5.  In 2006 Japan produced almost one GW of PV cells and Germany installed nearly one GW of cells. In each case this is equivalent to the capacity of a nuclear reactor. In Refs 2 and 6 we discuss why the nuclear industry prefers to report energies rather than capacities. However, it is clear that when considering the rate at which a technology can be implemented, capacity is the correct description. The nuclear lobby is hoping to install one reactor a year in 10 years time in the UK. That is very optimistic and at best a linear rise rather than an exponential one (see figure below). If the UK implemented the German renewable policy the figure below shows that more than 13 GW of PV could be installed by 2020. With the 24 GW of wind capacity providing the base-load, even without the contributions of marine, CHP and energy efficiency, solar and wind alone could produce 37 GW of capacity making irrelevant the 4 GW of nuclear capacity of new nuclear build at its most optimistic. If this scenario is correct there will be no market for expensive nuclear electricity.

  6.  It was very clear at the Asian conference that, world-wide, commercial forces are indeed participating in, and helping to maintain, the exponential expansion of PV. The leading Japanese PV manufacturing company is building a new plant which could produce 1 GW of Second Generation cells a year by 2009. My own company QuantaSol is planning to commercialise our third Generation Cell on this timescale. The completely new field of concentrator PV could be installing around 0.5GW by 2010 given the demand expected from countries that have recently introduced feed-in tariffs.

  7.  The expansion of building integrated PV is set to be one of the new areas of PV application which will help to maintain the exponential acceleration. For example, as we point out in Ref. 6, in the U.K. approximately two thirds of the electricity is consumed in residential, public and commercial buildings. At least seven times the solar radiant energy falls on those buildings as the electricity consumed inside. Even in the UK, this means that more than three times the current nuclear contribution could be generated by covering all roof areas and south-facing walls with the present day 1st and 2nd generation cells which are around 13% efficient. More elegantly, given that these cells are opaque while our 3rd generation cells are very small and 2-3 times as efficient, we outlined in Ref 6 ways that smart windows could use transparent lenses as blinds to generate electricity and reduce air-conditioning and illumination demand while still functioning as windows and allowing diffuse sunlight to illuminate the interior.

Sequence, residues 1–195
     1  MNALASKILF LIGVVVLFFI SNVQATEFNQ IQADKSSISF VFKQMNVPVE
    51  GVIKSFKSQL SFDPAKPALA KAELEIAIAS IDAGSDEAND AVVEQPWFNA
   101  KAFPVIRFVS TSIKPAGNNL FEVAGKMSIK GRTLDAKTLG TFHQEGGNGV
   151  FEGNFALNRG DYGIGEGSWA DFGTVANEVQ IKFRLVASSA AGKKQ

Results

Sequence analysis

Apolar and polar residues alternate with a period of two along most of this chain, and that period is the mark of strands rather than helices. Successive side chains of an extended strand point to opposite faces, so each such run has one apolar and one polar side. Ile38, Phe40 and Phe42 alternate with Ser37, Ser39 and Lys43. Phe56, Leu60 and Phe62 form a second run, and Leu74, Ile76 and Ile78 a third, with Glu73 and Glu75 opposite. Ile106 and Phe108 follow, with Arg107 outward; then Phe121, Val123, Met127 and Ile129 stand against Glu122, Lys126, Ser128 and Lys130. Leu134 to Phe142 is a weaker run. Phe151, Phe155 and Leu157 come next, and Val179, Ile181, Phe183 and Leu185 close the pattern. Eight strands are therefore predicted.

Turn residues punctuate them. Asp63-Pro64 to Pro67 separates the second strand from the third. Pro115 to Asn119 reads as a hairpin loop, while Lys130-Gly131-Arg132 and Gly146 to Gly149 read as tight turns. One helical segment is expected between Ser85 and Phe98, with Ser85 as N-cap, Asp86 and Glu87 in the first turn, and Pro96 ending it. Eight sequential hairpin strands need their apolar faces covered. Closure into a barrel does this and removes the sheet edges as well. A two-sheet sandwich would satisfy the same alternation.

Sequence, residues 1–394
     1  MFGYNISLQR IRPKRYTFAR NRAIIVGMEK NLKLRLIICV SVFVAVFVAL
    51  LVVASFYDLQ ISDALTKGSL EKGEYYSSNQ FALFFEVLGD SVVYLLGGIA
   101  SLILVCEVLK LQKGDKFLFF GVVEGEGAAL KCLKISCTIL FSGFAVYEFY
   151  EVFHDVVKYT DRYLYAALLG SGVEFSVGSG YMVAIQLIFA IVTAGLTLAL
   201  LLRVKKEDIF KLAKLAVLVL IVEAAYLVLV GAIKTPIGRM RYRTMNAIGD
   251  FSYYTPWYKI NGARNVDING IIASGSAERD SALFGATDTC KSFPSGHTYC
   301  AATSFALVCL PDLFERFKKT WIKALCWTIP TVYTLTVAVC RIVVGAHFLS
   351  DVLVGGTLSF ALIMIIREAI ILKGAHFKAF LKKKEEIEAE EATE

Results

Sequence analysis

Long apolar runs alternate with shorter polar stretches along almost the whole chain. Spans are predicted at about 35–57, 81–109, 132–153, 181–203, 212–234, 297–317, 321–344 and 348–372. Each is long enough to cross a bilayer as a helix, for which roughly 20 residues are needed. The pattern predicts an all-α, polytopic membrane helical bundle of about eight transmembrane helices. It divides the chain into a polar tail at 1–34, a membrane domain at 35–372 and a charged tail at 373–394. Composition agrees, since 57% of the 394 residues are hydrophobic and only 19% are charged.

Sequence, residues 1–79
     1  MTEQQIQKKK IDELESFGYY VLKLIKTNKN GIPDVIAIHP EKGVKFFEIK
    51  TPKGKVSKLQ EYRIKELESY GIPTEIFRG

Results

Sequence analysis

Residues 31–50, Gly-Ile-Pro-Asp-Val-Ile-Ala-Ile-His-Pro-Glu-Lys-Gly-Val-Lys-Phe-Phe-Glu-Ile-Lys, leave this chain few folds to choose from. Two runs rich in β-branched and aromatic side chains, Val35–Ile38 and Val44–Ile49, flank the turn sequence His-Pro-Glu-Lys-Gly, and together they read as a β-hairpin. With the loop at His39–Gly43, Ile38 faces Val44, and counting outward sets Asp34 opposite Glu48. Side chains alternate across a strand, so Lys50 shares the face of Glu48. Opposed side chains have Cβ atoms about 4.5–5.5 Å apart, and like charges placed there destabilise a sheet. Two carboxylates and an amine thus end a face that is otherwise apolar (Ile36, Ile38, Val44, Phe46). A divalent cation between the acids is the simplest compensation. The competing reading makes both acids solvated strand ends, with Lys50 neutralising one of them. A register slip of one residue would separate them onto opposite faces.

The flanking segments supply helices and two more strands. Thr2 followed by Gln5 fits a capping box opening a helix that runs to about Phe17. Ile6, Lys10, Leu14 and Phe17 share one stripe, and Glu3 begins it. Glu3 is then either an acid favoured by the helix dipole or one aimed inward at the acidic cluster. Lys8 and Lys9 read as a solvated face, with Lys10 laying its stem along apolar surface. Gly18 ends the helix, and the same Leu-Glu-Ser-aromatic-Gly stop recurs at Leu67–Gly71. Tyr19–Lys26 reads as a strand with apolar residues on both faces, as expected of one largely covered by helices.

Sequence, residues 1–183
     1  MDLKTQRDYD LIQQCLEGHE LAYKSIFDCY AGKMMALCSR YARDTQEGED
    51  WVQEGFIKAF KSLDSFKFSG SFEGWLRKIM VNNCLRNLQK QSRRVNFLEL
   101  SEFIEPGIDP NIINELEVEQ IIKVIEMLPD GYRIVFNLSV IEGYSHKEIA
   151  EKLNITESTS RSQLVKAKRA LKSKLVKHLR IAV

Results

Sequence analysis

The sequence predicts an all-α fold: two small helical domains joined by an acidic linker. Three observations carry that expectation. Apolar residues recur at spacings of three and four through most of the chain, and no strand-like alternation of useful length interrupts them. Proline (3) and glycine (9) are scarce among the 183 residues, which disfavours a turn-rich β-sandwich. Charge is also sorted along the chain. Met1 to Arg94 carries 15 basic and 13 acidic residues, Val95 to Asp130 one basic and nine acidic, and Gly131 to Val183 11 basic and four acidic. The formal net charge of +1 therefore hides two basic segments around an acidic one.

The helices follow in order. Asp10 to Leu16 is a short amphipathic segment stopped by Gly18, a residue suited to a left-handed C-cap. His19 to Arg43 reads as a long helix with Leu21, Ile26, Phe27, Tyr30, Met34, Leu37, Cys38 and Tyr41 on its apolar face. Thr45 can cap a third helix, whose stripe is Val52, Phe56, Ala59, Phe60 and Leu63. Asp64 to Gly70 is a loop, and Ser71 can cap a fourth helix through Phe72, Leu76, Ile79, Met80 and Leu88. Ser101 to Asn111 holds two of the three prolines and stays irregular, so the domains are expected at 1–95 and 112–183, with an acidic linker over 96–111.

8.  In conclusion the "distributed nature" of PV (and small scale wind) means that once stimulated by effective government policies, as has already happened in Germany and Japan the market takes over. As has been demonstrated for other novel and popular electrical consumer goods, the market can sustain exponential rises that are not possible with large, central generation. Hence the market, and popular demand, could lead to PV and wind together exceeding by many times the contribution of new nuclear build.


[1] January 08.

[2]  "Vorsprung durch technik", Keith Barnham and Massimo Mazzer, New Statesman Supplement Monday 15 May 2006.

[3]  "Meeting the Energy Challenge", a white paper on energy, DTI, CM7124, May 2007.

[4]  "Our Energy Challenge", Securing clean affordable energy for the long-term, British Wind Energy Association (BWEA) response to the 2006, UK Government Energy Review, April 2006, (24 GW 2020).

[5]  17th International Photovoltaic Science and Engineering Conference (PVSEC-17) at Fukuoka, Japan.

[6]  "Resolving the Energy Crisis: Nuclear or Photovoltaics", K W J Barnham, M Mazzer, B Clive, Nature Materials, 5, 161 (2006).

  Figure. Installed PV capacity in Germany and the UK from Ref 2 and extrapolations based on the performance in the years up to 2004 (dotted lines). The actual cumulative installation capacity achieved in Germany in 2005 and 2006 is added. The upper extrapolation of the UK data (broken line) assumes that policy similar to the German policy is introduced and the UK follows the trend observed by Germany in years to 2004. This extrapolates to above 13 GW by 2020. This is much more than the optimistic proposal of BNFL of one nuclear reactor a year from 2017 (crosses). The independent predictions of both Ref 2 and Ref 4 are for 24 GW of wind power capacity by 2020.

January 2008